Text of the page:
Game 147, Yankees at Mariners
Felix Hernandez vs. Phil Hughes, 7:10pm
Happy Felix Day! From 2009-2011, you’d be hard pressed to find a more consistent pitcher than King Felix. His FIP has swung between 3.09 and 3.02, and he’ll be worth 6+ wins for the third straight year. His pitch mix and velocity are quite consistent within the season too. Look at his pitch fx velocity graph here, for example: there are the occasional dips/spikes in velo (which may have more to do with pitch fx calibration issues than anything), but by and large, hitters know what they’re going to see from Felix. They just can’t hit it.
I bring it up because his opponent tonight, Phil Hughes, might be one of the more volatile pitchers in the league. There are a number of ways to measure volatility – this article at Beyond the Boxscore describes one, for example. But I’m not talking about a pitcher’s results, I mean: I have no idea what Hughes will throw tonight.
Phil Hughes was the #4 prospect in baseball in 2007, then got yo-yo’d between the bullpen and the rotation with a brilliant relief season in 2009 and a very solid year as a starter in 2010. Injuries have played a role in these moves, as he missed much of 2008 with rib/torso injuries. But a bout of dead arm this spring led to low velocity and ineffectiveness in April has led him to have one of the more experimental seasons I can remember. He toyed with a slider early on – a pitch he threw in 2009, but shelved in 2010 in favor of a change. His fastball averaged around 89 MPH in April, then 90 and even 92 later in the year. More than anything though, Hughes keeps working on his curve. It was a useful pitch for him when he was breaking into the majors, but he hasn’t been able to sustain that early success with it.
In April, his curve velocity was down considerably, along with his fastballs’. He returned to the big leagues with a new curveball grip to improve movement and velocity, and…nothing happened. Then, on August 2nd, he was throwing curves in the low 80s against the White Sox in his best outing of the year. I don’t think he changed the grip on it, but it took him a while to get the bump in velocity on it that he said he was after back in July. So what’s happened since August 2nd? His curve’s back under 73 MPH, and his FB velocity’s down a bit as well.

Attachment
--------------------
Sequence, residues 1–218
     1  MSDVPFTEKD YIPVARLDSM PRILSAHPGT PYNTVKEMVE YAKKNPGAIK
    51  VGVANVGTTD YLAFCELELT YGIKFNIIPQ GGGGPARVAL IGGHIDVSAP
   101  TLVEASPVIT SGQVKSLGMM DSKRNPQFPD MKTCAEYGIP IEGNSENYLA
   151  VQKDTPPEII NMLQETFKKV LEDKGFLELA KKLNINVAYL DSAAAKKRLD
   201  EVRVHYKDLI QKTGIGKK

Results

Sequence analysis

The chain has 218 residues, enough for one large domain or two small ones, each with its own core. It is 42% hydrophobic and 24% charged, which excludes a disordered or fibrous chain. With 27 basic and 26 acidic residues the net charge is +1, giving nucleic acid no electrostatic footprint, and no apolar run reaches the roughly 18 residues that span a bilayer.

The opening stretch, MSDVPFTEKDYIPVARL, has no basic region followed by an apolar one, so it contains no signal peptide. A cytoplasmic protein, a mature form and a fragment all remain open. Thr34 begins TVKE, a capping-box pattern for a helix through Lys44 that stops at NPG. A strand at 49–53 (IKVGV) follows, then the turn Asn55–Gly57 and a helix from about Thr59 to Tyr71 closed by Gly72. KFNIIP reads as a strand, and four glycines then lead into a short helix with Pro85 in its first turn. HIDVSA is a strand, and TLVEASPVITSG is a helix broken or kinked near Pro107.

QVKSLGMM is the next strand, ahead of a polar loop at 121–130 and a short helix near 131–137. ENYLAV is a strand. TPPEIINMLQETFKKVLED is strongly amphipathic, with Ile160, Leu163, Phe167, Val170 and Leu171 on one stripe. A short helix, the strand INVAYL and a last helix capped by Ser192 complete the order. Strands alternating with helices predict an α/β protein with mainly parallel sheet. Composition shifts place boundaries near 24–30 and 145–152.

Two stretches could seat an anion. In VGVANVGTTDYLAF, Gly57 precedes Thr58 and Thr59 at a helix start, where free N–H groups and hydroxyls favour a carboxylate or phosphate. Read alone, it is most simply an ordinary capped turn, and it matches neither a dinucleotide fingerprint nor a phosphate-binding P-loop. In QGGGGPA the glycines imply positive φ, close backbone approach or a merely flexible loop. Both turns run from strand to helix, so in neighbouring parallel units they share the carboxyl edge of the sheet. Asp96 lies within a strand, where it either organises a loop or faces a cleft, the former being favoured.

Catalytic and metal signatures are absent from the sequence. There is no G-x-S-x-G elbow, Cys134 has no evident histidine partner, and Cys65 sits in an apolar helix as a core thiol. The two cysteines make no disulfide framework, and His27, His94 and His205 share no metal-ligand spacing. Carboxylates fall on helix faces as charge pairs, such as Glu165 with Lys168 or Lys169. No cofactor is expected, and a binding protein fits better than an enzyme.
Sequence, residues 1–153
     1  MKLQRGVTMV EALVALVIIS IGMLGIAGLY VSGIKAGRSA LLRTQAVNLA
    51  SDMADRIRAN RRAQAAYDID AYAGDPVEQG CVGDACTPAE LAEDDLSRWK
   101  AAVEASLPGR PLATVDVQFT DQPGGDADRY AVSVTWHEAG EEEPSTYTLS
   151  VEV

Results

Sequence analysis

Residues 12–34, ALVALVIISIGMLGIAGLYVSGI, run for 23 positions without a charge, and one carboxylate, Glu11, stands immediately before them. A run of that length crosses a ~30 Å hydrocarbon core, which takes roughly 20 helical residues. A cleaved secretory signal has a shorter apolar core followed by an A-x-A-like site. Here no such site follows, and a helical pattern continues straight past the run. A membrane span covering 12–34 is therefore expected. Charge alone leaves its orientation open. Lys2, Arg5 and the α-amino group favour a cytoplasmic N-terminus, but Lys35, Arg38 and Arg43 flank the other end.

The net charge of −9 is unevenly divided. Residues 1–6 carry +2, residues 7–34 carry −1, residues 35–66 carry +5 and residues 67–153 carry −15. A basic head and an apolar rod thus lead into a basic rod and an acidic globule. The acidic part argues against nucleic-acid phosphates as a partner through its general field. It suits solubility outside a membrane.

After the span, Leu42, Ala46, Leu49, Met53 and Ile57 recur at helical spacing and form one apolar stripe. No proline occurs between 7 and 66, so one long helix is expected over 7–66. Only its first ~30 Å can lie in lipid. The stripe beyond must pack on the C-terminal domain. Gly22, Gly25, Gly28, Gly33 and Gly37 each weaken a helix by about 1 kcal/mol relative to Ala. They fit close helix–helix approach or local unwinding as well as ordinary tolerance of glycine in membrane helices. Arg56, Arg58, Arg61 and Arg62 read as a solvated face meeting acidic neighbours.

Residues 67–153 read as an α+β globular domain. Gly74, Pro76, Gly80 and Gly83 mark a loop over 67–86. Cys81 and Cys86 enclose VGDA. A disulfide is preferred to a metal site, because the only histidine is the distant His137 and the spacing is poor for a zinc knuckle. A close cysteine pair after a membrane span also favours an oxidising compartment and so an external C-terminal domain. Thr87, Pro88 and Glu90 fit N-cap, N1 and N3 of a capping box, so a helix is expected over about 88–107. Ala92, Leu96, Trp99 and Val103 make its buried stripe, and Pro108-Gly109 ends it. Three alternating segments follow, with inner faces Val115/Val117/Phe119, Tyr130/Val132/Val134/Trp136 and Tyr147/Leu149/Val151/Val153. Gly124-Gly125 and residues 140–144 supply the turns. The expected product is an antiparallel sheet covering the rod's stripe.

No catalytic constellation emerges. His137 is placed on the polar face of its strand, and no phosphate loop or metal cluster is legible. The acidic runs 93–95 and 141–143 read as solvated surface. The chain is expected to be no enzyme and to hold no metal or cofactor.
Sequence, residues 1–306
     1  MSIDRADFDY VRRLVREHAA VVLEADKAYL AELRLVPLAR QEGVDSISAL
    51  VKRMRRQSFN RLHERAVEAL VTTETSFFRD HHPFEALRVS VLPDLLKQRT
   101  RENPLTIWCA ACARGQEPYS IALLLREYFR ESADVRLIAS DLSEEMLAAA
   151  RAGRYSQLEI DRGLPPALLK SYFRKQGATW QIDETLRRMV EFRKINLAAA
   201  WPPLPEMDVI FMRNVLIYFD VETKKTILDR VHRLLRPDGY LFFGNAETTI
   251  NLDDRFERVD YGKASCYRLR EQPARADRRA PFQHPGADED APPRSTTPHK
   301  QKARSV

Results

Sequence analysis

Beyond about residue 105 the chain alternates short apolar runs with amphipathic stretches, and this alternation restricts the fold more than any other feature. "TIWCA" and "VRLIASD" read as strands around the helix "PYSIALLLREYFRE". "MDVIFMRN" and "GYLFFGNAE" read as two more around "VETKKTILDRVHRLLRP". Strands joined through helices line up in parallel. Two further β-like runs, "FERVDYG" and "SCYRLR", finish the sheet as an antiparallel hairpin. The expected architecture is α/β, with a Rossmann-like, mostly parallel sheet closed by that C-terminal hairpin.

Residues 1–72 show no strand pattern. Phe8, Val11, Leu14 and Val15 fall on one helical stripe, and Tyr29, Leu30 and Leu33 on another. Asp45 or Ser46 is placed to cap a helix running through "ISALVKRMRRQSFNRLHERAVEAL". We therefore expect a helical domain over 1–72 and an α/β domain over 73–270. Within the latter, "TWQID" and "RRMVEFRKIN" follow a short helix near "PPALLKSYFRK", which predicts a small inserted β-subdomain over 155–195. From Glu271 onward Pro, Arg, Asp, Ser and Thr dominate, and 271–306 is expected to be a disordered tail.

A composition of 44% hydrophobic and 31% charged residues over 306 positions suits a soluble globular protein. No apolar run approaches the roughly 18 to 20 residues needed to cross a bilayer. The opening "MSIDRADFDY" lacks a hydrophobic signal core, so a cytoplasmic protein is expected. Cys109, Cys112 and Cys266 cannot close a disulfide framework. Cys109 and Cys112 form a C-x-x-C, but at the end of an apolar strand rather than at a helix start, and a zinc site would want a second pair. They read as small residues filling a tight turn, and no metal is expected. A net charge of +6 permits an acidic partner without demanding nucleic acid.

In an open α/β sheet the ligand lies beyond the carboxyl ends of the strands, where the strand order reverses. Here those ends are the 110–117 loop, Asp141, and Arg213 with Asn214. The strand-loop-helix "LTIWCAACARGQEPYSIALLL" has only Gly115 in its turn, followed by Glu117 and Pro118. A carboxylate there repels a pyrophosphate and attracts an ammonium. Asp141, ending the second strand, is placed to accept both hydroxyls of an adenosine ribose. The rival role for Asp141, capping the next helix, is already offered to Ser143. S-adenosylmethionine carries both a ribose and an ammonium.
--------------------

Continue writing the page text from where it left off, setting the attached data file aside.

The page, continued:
This seems like an awful lot of tweaking, but then you’d tweak everything you could too if you were getting torched like Hughes has this year. I think Hughes natural talent makes all of this more visible – he’s been scrutinized before he ever broke in with the Yankees, and his changing roles, injuries and yes, the team he plays for mean that we get to hear about every time he changes a breaking ball grip, or feels tightness in his shoulder, or gets extra work with the pitching coach. But the injuries have just brought him down to the level that many, most, pitchers inhabit every day.
Think of RA Dickey ditching his old breaking ball and coming up a forkball he dubbed “the Thang”…and getting pounded just as hard until he started throwing a knuckeball. Even between games, this sort of thing must be going on all the time – Jason Vargas talked about shifting from his slider to a cutter this year, and for people with less of a track record, the temptation to improvise and experiment must be pretty great. The pitching coaches may tell you that consistency and muscle memory is key, but it ain’t the pitching coach that’s going to call you into his office for a difficult discussion if your curve ball gets consistently pounded.
The point of this is: treasure Felix Hernandez. Phil Hughes was 18-8 last year, and the year before that was a shut-down late-inning reliever. Felix Hernandez was an amazing starter last year, and an amazing starter the year before that. Tonight, I’d guess he’s going to be an amazing starter. Never leave us, Felix.
The aggressive (and aggressively left-handed) line-up:
I know Bard caught recently, but they could’ve had 8 of 9.